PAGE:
|Year : 2013 | Volume
| Issue : 2 | Page : 88-89
Giant interatrial septal aneurysm mimicking a left atrial mass
Mohammed Taleb, Ankush Moza, Samer J Khouri
Department of Medicine, University of Toledo Medical Center, Toledo, Ohio, USA
|Date of Web Publication||23-Jul-2013|
Samer J Khouri
Department of Medicine, Division of Cardiovascular Medicine, University of Toledo Medical Center, 3000 Arlington Avenue, Toledo, Ohio - 43614
Source of Support: None, Conflict of Interest: None
| Abstract|| |
Interatrial septal aneurysm (IASA) consists of redundant atrial septal tissue, which bulges into either the left or the right atrium. The clinical implications of this entity are not entirely clear; however, if it is associated with other cardiac abnormalities such as patent foramen ovale and atrial septal defects. It may assume significance by increasing the risk of cardioembolic events such as stroke. We present a case of an individual with giant IASA detected by transesophageal echocardiography, which was mimicking a left atrial mass on transthoracic echocardiography. This case emphasizes the superiority of transesophageal imaging over transthoracic echocardiography for this clinical entity.
Keywords: Atrial mass, interatrial septal aneurysm, transesophageal echocardiography
|How to cite this article:|
Taleb M, Moza A, Khouri SJ. Giant interatrial septal aneurysm mimicking a left atrial mass. Heart Views 2013;14:88-9
| Introduction|| |
Interatrial septal aneurysm (IASA) along with atrial septal defect and patent foramen ovale are congenital anomalies which are encountered often in the adult patient. With improvement in two dimensional echocardiography and the increasing usage of transesophageal echocardiography, IASA is no longer considered a rare clinical entity. Early detection may prevent hemodynamic and thromboembolic sequelae.
| Case Report|| |
A 41-year old male patient was referred to our institution by his primary care physician for transthoracic echocardiography to evaluate his hypertensive heart disease. The transthoracic echocardiography (TTE) showed a large mass measuring 1.4 × 1.4 cm in the left atrium that could represent a thrombus or myxoma [Figure 1]. The patient was asymptomatic and his past medical history was unremarkable except for hypertension. Clinical and laboratory examinations demonstrated no abnormality. Computed tomographic (CT) scan of the chest and heart with intravenous contrast did not show any cardiac tumor. TEE was then done and it showed a giant IASA bulging into the left atrium and mimicking a left atrial mass [Figure 2]. The patient had not had stroke or other cardio embolic phenomenon; therefore no further interventions were undertaken other than starting aspirin.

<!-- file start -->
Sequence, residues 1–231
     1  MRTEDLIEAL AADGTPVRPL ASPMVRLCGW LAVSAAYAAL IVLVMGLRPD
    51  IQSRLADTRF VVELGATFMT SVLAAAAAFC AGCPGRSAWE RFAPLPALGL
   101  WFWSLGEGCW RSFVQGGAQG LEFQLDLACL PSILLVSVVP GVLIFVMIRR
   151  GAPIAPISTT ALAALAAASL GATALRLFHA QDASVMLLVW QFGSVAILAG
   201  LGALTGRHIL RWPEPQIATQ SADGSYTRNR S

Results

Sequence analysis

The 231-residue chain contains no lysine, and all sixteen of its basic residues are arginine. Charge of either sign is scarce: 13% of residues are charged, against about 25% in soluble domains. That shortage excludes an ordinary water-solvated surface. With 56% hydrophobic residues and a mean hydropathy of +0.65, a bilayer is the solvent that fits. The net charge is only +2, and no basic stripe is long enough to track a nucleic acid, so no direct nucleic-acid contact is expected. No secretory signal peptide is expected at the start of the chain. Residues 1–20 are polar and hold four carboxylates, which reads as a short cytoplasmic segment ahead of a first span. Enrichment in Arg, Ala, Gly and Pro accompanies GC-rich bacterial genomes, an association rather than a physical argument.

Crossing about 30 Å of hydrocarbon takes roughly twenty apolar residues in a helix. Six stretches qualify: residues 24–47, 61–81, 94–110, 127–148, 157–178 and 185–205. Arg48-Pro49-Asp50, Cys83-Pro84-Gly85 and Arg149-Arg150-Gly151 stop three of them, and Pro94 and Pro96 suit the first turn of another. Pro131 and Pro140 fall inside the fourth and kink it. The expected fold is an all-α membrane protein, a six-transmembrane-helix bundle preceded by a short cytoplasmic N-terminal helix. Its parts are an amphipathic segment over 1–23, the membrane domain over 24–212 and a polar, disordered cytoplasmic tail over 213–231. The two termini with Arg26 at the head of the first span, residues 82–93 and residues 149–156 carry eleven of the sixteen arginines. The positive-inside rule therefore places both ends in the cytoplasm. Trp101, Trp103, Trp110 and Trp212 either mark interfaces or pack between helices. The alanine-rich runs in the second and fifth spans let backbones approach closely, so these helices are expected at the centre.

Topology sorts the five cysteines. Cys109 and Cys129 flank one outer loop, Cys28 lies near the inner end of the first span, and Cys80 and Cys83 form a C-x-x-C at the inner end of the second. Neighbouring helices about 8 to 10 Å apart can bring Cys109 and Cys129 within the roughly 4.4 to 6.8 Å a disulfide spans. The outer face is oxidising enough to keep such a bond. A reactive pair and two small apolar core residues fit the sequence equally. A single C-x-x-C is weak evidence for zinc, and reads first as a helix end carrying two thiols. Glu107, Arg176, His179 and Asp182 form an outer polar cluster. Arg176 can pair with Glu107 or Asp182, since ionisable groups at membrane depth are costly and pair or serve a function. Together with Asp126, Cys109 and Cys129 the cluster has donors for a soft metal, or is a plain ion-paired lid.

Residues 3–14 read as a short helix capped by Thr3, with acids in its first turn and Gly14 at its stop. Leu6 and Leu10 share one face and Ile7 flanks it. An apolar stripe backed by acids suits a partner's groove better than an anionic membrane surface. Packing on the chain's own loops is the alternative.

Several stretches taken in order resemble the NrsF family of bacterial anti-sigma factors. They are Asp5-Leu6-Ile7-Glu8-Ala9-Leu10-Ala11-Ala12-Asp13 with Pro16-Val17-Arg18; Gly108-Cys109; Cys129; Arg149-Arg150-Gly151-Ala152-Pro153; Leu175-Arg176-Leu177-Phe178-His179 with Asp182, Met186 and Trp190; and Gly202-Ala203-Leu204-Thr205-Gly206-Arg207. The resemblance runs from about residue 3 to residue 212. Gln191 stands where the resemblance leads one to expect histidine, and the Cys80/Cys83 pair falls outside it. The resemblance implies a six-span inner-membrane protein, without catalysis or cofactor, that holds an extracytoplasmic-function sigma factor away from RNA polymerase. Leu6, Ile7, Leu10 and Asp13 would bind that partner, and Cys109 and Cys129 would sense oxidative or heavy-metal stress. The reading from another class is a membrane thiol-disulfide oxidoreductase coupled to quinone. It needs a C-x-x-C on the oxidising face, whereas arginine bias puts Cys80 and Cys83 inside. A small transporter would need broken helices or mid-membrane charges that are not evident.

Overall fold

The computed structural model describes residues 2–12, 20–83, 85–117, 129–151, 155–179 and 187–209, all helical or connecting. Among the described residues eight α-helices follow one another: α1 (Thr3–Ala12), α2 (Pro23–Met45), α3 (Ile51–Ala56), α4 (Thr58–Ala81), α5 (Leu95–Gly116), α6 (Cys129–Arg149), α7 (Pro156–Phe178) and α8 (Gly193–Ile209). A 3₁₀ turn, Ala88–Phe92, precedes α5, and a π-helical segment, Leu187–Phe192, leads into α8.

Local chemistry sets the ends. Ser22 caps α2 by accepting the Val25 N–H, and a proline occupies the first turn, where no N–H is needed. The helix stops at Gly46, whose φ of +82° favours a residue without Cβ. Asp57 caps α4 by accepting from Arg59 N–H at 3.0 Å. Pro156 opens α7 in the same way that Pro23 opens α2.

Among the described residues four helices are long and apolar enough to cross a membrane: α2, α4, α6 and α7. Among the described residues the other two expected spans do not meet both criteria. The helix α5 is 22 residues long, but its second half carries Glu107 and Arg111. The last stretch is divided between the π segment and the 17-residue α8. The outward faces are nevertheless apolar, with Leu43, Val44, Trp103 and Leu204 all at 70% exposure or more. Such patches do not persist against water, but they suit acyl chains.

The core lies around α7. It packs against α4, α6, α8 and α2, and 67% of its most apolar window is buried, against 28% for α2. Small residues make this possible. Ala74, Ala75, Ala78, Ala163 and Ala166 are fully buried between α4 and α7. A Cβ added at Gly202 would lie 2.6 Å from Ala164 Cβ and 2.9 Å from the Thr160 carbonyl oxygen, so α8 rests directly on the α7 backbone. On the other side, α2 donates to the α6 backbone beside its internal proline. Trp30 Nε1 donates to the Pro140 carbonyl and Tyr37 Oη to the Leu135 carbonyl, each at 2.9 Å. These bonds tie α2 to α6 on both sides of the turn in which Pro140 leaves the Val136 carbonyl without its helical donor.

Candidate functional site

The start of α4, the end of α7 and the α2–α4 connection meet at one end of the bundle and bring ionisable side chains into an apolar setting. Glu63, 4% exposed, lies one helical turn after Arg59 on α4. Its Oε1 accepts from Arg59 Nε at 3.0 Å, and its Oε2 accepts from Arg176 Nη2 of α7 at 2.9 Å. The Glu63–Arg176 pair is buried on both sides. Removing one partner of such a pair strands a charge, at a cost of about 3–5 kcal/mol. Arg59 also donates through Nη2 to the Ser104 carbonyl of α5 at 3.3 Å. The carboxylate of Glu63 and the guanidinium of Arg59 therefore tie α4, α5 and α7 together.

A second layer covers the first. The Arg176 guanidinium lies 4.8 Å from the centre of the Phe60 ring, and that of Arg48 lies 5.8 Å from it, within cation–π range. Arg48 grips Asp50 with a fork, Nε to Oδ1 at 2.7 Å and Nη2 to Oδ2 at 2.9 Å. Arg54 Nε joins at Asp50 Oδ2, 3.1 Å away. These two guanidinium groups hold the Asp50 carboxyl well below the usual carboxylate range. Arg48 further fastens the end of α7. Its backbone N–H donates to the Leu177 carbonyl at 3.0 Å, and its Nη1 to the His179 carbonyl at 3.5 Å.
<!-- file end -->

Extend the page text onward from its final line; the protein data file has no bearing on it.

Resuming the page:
|Figure 1: Transthoracic echocardiography showed a large mass (white arrow) measuring 1.4 × 1.4 cm in the left atrium that could represent a thrombus or myxoma|
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|Figure 2: Transesophageal echo showing interatrial septal aneurysm (white arrow)|
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| Discussion|| |
IASA is a congenital malformation of the atrial septum that may occur as an isolated abnormality or in association with various cardiac defects, such as patent foramen ovale (PFO), atrial septal defect (ASD), and mitral valve prolapse or connective tissue diseases. , Its prevalence varies depending on the diagnostic method used but with the widespread use of echocardiography, IASA has become an increasingly recognized entity. Rusznak, et al.,  concluded that IASA is detected in 8% of the patients who undergo TEE; it is associated with PFO in 25% of cases and with ASD in 22.5% of cases. The diagnosis of IASA is very important to prevent various complications and in differentiating it from an intracardiac mass-like myxoma which will have implications on choice of therapy. Nongated chest CT may be unable to distinguish ASA from intracardiac mass like in our case and in such cases, TEE should provide clarification.
However, when echocardiographic evaluation is suboptimal, ECG-gated cardiac MRI and ECG-gated cardiac 64-multidetector CT scan are useful alternative modalities of diagnosis.  TEE has to be regarded the imaging modality of choice for initial evaluation of this lesion as various studies have shown that a significant number of patients with IASA detected on TEE were not diagnosed on TTE. , Also as in our case TEE can help distinguishing IASA from an atrial mass, which may not be feasible on TTE images.
Although IASA are usually found incidentally as in our case, they can have clinical consequences, such as cardiac thrombo-embolic events,  right to left shunt across a PFO or ASD, or can mimic a left or right atrial tumor. An annual stroke rate of 3.8% among patients with IASA and PFO compared with 1.05% among those without these anomalies was found in a systematic review of patients with cryptogenic stroke.  This study implied a possible increased risk of recurrent stroke in patients with ASA and PFO.
Observations have also been made regarding prevalence of atrial arrhythmias in patients with IASA but no definite associations have been established in this regard. A study by Hanley, et al.,  noted atrial arrhythmias in 25% of patients with IASA.  In another multicenter study of 195 patients atrial tachycardia was found in 24% of patients with IASA and 14% of patients had atrial fibrillation. 
Management options for atrial septal aneurysm vary according to the clinical scenario with interventions ranging from just observation in asymptomatic individuals to ablation by surgical or catheter interventions in patients at high risk of stroke. ,
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[Figure 1], [Figure 2]